Kantor (Shadow Sounds, 2010) explores the dreams, dementia, and death of her mother in this memoiristic volume of poetry.
Poetry can be a path to closure, and closure is what Kantor seeks in this collection about her mother, Miriam Gants. From the prologue poem, “I Only Saw the Stars,” Kantor reveals that her father was a louder presence in her childhood than her mother. Addressing Miriam, she writes: “Daddy / was excitement, / fear / and fun. // You / were safe.” Yet Kantor sets out to better understand this quieter parent, gleaning what she can of her mother’s life from old family photographs and memories from her own childhood. One affecting poem, “Irony,” tells of how Miriam finally attempted to assert her individuality after the death of her husband. Then come poems dealing with Miriam’s slide into dementia and the strain it put on the mother and daughter’s increasingly one-sided relationship. Grief-filled poems deal with Miriam’s death and Kantor’s attempts to move forward with an honest, loving memory of her mother. Dancing through the book is an image of Miriam’s ballet shoes; an aspiring dancer from early childhood, Miriam forever damaged her feet by spinning on her toes when she was 5. This didn’t keep her from a lifetime love of the art, which she and Kantor would watch together on TV. Her bittersweet passion became a metaphor for the unrealized dreams of her life, and her shoes are now a treasured (if tragic) heirloom for Kantor to pass on to the next generation. Kantor is a minimalist when it comes to verse: plain language, simple syntax, no distracting conceits. A poem, for her, is often the exploration of a single, pared-down image, with no superfluous information or detail. The narrative forms like a necklace of beads, with the truly inspired images shining like gems. In “Back To Before,” dementia-plagued Miriam feels the textured paint of a museum seascape with her fingers: “There’s no point in telling her / not to touch. // Compelled, // she’s rediscovering / the beginning // at the end.”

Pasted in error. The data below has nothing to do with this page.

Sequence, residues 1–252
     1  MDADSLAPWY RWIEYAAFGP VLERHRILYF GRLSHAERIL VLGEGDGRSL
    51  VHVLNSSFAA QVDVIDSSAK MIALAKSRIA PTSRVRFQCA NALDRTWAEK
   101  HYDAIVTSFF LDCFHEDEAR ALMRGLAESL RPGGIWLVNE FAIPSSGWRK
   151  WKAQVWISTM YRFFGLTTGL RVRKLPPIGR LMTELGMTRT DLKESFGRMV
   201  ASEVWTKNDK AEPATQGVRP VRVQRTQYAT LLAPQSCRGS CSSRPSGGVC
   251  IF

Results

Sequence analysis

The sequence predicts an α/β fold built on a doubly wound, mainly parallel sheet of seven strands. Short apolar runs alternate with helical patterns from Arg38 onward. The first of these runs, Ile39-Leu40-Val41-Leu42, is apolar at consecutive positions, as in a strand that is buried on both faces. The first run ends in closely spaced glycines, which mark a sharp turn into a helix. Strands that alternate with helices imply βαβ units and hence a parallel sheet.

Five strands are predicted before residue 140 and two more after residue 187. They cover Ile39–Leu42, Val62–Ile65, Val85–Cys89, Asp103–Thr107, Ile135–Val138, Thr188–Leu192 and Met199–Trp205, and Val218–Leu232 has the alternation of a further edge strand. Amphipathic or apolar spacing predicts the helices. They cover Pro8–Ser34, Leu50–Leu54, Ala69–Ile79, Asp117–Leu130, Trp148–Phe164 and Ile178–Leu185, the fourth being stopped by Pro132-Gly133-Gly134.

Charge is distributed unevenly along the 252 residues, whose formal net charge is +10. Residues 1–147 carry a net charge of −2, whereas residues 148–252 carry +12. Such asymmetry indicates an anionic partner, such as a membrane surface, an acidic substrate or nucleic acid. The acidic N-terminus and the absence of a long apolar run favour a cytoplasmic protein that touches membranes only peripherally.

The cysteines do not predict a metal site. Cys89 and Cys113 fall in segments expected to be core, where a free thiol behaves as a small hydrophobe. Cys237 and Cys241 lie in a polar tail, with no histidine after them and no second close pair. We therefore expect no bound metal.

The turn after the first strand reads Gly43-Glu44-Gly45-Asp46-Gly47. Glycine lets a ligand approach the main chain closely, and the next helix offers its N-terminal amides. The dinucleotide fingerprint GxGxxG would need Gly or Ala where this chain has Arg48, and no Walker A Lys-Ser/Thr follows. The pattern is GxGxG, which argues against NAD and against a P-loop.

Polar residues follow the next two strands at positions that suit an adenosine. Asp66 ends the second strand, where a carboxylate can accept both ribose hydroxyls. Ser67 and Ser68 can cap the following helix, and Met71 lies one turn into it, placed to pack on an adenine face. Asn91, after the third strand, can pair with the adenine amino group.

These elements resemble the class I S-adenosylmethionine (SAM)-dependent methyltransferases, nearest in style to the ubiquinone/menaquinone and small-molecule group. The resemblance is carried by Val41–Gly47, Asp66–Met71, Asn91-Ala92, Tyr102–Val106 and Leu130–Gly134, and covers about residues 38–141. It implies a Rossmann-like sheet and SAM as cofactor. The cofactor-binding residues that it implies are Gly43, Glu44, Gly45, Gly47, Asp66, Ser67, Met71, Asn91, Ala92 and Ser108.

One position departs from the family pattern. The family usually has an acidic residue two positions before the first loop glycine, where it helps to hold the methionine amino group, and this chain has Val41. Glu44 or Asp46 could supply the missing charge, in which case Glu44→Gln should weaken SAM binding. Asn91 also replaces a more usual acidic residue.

An evocative, concentrated rendering of a complex relationship.
A debut multigenre collection of short pieces presents vignettes focusing on the lives of African Americans from a variety of perspectives, both real and fanciful.